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10 kittens ‘near death’ now ‘thriving’

Furry Friends volunteer cared for animals saved from a hoarding situation

By , Columbian Staff Writer
Published:
3 Photos
Dena Hugh cuddles Bradley in the kitten room at her house, where she cared for 10 kittens who came to Furry Friends from a hoarding situation in Cowlitz County. Hugh has volunteered with Furry Friends since December 2015.
Dena Hugh cuddles Bradley in the kitten room at her house, where she cared for 10 kittens who came to Furry Friends from a hoarding situation in Cowlitz County. Hugh has volunteered with Furry Friends since December 2015. (Contributed photo) Photo Gallery

After months of care, 10 kittens who came to Furry Friends from a hoarding situation in Cowlitz County in June are nearly ready to be adopted.

All the kittens had ringworm when Furry Friends took them in, along with flea infestations, eye infections and persistent upper respiratory infections. Two of the kittens had one eye each.

“They were near death,” said Diane Stevens, marketing director for Furry Friends. “We expected kittens that were fairly healthy, but we should know that hoarding and healthy do not go hand-in-hand.”

The tiniest kitten weighed about 12 ounces, and the largest was roughly 3 pounds. The kittens were from different litters and were different ages, leading Furry Friends volunteers to assume they were inbred.

Dena Hugh, a Furry Friends volunteer since December 2015, took in all 10 kittens and kept them in her “Kitten Room.” Hugh spent two to three hours with the kittens daily, and had to put on a medical gown before visiting with them so as to not spread their ringworm infections.

“I provided them with round-the-clock care, especially at the beginning, administering antibiotics, syringe feeding them and keeping them hydrated,” Hugh said in an interview with Furry Friends. “And while it’s been challenging, it’s also been rewarding as they’ve fought their way toward good health and the chance to live the happiest of lives.”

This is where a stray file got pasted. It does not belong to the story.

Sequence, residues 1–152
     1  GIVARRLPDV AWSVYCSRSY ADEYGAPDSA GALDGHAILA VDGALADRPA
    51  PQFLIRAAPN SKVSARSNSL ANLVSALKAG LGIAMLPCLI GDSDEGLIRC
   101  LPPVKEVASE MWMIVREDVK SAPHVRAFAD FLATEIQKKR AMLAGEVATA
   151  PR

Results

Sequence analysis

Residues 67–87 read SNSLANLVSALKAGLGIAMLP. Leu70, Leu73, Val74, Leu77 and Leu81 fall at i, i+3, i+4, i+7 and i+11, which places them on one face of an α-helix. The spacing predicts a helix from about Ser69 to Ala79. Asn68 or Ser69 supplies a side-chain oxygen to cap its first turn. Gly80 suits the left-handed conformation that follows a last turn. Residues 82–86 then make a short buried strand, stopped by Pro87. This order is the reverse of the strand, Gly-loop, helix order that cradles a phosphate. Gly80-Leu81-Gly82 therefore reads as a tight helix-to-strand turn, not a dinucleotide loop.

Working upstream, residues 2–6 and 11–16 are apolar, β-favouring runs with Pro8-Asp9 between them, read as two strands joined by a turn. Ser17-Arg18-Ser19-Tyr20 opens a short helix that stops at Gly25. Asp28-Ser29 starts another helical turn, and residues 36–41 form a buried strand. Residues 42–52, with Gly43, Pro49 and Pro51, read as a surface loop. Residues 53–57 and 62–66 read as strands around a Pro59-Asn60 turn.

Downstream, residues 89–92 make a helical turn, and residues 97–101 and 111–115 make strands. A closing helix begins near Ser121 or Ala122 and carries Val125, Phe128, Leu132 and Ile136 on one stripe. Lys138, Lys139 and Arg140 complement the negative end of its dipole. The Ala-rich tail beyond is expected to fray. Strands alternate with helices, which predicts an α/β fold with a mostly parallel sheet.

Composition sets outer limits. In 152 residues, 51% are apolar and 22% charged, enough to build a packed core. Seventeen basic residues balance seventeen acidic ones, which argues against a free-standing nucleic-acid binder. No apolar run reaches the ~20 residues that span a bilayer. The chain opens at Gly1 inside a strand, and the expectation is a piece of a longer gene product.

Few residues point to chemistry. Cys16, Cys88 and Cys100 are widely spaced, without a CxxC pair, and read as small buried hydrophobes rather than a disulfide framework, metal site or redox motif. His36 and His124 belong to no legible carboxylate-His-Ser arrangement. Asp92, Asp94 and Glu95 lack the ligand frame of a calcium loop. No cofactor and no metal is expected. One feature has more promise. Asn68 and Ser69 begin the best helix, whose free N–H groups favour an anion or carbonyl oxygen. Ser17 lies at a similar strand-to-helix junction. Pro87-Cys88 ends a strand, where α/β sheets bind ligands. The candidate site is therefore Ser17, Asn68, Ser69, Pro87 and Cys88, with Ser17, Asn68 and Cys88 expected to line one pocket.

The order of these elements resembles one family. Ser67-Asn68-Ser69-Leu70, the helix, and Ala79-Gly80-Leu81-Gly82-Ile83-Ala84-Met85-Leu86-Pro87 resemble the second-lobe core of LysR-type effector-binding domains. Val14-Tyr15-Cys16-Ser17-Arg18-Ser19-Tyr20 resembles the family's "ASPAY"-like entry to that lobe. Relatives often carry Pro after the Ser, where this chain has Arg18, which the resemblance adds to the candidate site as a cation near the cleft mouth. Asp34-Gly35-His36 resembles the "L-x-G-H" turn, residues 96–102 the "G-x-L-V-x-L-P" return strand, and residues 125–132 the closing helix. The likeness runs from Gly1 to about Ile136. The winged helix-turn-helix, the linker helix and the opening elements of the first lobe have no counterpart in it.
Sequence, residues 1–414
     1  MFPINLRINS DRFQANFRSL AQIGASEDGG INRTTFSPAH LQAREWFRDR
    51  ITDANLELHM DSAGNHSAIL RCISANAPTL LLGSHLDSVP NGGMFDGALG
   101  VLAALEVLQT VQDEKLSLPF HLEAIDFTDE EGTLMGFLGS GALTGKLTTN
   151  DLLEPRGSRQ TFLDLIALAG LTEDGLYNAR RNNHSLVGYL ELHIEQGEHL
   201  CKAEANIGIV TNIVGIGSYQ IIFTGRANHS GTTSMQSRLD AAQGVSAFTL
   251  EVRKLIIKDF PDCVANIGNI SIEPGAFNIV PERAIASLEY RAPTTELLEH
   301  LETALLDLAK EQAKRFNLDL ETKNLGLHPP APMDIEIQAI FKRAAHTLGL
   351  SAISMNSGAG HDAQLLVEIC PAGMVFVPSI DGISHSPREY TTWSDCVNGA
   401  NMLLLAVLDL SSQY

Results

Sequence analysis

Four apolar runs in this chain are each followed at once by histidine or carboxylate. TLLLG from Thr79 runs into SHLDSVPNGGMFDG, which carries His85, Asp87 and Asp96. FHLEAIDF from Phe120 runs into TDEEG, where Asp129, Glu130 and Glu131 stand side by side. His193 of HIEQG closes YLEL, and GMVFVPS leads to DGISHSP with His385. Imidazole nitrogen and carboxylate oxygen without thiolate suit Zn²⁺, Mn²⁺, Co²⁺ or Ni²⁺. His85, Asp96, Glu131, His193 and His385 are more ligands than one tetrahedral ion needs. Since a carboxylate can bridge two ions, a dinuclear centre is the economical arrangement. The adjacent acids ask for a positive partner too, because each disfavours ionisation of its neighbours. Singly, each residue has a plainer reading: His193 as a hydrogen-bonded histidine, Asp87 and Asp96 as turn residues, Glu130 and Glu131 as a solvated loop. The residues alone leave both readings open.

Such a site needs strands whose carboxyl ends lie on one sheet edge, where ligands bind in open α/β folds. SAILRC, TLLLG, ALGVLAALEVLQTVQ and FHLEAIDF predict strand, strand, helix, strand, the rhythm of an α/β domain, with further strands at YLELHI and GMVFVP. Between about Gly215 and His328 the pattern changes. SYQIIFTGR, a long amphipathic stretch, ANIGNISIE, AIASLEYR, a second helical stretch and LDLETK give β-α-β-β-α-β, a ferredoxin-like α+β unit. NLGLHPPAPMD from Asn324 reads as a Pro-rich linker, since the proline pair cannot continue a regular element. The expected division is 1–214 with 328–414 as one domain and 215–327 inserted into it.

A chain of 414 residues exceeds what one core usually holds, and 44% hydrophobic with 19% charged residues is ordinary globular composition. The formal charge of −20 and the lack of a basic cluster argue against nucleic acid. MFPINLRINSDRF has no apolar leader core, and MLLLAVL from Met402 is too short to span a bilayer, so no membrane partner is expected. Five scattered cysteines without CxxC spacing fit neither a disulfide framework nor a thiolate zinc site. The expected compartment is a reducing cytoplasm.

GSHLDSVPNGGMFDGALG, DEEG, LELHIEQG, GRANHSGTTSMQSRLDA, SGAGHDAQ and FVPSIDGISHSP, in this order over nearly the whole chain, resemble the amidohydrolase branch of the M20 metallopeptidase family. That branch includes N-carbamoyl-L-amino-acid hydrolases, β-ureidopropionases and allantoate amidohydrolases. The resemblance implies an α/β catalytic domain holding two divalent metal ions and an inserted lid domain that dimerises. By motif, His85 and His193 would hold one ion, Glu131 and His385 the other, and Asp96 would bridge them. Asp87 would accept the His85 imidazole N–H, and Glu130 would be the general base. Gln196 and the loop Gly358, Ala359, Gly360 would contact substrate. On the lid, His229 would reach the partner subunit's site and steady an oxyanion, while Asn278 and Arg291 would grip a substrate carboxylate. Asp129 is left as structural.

She gave them medical baths regularly, clipping their nails prior to each bath. On bath days — she estimated she gave each kitten 14 baths — she would let the kittens stay in her bathroom for a few hours while she cleaned and sanitized the kitten room. Then she had to spend time sanitizing her own bathroom, as well.

“I marvel daily at the fact that after five months, they’ve not only survived, they’ve put on the weight they needed,” Hugh said. “They’re thriving, and they’re now behaving like normal, healthy and playful kittens.”

All kittens were declared ringworm-free this week, Stevens said. By Nov. 20, they should be ready for visitors and some pre-adoption events, although Stevens said anyone interested in them probably won’t be able to bring them home until at least Dec. 1.

Prior to adoption, the kittens still have to receive two rounds of vaccinations, be spayed or neutered and micro-chipped. The two with missing eyes are scheduled for surgery to cleanse and permanently stitch the lids over their empty sockets.

Stevens said Furry Friends spent roughly $10,000 nursing the kittens back to health. The nonprofit is hoping to make up for the costs of taking in the 10 kittens from Cowlitz County by participating in Giving Tuesday, a global day of giving, on Nov. 27. Furry Friends is hoping to raise at least $6,000 on that day to offset medical costs.

For more information on the organization or to donate directly, go to www.furryfriendswa.org, email information@furryfriendswa.org or call 360-993-1097.

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